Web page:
NEW DELHI: China’s foreign minister began a two-day visit to India on Sunday for the first high-level talks between the world’s two most populous nations since Prime Minister Narendra Modi took charge.
Wang Yi arrived in New Delhi as a special envoy of Chinese President Xi Jinping to “establish contact with the new government of India”, the Indian foreign ministry said.
Despite his hardline nationalist reputation, Modi has been making overtures to traditional rivals China and Pakistan since his Bharatiya Janata Party swept to power last month.
The new Indian leader has invited Xi to visit later this year.
Wang is coming “to engage with our leadership and we will take it from there,” foreign ministry spokesman Syed Akbaruddin told a news briefing last week.
“We would be in a listening mode to engage and see,” he added.
The Chinese foreign minister arrived in the capital early on Sunday morning and is set to hold talks with his new Indian counterpart Sushma Swaraj later in the day, the foreign ministry said.
He is expected to call on Modi and President Pranab Mukherjee on Monday before leaving early the next day.
Foreign policy expert Ranjit Gupta told Agence France-Presse the visit was a “good augury.”
“China has gone all out to woo the new Indian government, which is a great gesture,” Gupta, a member of the Indian Security Advisory Council of the US-India Institute, a Washington-based think-tank, said.
“India and China are emerging global powers and with better relations, India will hopefully resume its growth path and reclaim its position in Asia,” he added.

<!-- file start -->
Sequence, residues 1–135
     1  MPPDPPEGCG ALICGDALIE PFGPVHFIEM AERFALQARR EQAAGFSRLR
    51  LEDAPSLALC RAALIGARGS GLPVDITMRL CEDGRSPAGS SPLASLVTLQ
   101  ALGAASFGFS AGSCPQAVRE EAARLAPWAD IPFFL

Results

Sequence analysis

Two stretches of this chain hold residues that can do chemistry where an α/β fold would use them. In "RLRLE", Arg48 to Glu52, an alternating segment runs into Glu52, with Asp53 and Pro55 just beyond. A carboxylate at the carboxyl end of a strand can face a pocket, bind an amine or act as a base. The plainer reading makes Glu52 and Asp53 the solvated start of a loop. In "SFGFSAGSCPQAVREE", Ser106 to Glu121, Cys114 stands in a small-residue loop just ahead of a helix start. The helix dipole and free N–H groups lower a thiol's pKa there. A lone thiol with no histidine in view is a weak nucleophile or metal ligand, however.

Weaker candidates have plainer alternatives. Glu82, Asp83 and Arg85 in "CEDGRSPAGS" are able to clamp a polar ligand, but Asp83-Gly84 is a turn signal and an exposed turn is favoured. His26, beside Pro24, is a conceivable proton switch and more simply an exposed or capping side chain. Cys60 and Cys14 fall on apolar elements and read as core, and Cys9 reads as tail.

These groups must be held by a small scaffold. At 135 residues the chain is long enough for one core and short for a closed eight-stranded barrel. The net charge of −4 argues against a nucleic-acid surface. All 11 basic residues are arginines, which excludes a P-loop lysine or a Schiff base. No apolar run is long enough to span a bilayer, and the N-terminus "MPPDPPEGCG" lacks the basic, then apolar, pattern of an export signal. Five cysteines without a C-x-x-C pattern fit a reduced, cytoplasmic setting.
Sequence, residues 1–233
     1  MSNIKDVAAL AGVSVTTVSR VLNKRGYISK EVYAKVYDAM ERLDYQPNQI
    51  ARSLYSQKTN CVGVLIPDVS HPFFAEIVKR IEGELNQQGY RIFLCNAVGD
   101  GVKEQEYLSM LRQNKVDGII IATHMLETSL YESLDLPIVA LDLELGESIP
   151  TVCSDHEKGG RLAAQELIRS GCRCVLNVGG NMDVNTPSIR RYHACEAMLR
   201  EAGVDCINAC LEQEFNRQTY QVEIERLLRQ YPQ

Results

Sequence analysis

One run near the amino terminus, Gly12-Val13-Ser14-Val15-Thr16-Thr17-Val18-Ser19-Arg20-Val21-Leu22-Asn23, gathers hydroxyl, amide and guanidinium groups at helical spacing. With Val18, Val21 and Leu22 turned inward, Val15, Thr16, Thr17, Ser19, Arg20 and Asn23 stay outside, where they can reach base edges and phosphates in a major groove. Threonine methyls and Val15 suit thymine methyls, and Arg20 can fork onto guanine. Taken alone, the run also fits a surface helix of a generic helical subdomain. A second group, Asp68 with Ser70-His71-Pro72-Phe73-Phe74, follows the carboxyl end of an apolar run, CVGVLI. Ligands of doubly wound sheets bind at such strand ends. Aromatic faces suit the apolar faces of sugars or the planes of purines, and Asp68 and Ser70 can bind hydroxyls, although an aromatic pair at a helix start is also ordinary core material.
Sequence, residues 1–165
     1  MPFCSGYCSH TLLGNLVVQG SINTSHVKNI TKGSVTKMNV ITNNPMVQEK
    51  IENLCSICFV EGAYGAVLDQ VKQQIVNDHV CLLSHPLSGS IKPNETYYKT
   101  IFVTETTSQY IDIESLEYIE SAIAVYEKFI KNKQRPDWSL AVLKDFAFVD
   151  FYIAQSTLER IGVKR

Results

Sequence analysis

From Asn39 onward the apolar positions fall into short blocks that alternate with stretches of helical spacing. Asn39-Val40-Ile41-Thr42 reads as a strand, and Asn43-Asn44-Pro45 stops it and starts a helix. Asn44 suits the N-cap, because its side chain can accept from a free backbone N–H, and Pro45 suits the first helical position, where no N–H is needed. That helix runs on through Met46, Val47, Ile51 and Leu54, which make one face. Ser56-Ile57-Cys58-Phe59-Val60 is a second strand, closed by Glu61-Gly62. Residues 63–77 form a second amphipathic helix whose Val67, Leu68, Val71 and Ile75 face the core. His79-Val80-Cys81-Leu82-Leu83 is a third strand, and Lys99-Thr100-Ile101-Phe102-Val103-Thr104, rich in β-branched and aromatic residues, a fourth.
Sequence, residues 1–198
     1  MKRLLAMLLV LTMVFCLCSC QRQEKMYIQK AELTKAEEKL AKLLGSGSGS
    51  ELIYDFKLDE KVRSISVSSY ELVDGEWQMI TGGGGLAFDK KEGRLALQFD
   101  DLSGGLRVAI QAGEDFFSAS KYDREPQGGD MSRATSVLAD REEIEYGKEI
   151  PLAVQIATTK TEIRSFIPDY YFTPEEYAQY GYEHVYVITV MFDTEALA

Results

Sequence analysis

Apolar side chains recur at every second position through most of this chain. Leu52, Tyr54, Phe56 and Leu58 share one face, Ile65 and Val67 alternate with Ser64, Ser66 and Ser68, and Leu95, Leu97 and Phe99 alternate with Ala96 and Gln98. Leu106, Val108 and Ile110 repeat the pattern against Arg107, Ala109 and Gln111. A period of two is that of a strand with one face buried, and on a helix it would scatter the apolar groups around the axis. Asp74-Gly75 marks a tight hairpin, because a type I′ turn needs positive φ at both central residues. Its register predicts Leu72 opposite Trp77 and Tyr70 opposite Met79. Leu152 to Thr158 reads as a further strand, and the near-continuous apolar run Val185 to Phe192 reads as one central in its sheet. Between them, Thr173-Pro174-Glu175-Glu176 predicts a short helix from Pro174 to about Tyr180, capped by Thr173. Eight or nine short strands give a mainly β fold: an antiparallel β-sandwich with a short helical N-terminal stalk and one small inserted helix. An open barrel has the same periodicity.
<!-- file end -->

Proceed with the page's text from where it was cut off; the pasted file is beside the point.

– Trade and suspicion –
China is India’s biggest trading partner, with two-way commerce totaling close to $70 billion. But India’s trade deficit with China has soared to over $40 billion from just $1 billion in 2001-02, Indian figures show.
Experts say Modi must bridge the deficit by seeking greater access to the Chinese market, with the two sides targeting annual bilateral trade of $100 billion by 2015.
“The deficit is a huge embarrassment that keeps growing,” said Gupta.
But despite the strong trade ties, relations are still dogged by mutual suspicion — a legacy of a brief, bloody border war in 1962 over the Indian state of Arunachal Pradesh, nestled in the eastern stretch of the Himalayas, which China claims as its own.
Modi warned China to shed its “expansionist mindset” at an election rally earlier this year. China hit back, saying it “never waged a war of aggression to occupy any inch of land of other countries.”
The nuclear-armed nations, both with one-billion-plus populations, are expected to focus on economic ties and border issues during Wang’s visit, following a territorial flare-up in April 2013.
India accused Chinese troops of intruding nearly 20 kilometers (12 miles) into Indian-claimed territory, triggering a three-week standoff that was resolved when forces from both sides pulled back.
The border between China and India has never been formally demarcated, although they have signed accords to maintain peace.
Meanwhile, Tibet’s government-in-exile, based in India, has pinned its hopes on Modi’s government to speak up for Tibetans during Wang’s visit.
“This is in the interest of India as well because Tibet, as a buffer zone between India and China, has served the interests of all neighboring countries,” exiled Tibetan premier Lobsang Sangay told Agence France-Presse.
The government-in-exile launched a renewed push this week for greater autonomy from Beijing, which has ruled the Himalayan territory since 1951.
But China last week dismissed any possibility of discussions on Tibet, calling Sangay an “out-and-out separatist.”
India hosts the world’s largest Tibetan exile population after offering refuge to the Dalai Lama. The spiritual leader fled across the Himalayas to India after a failed 1959 uprising against Chinese rule.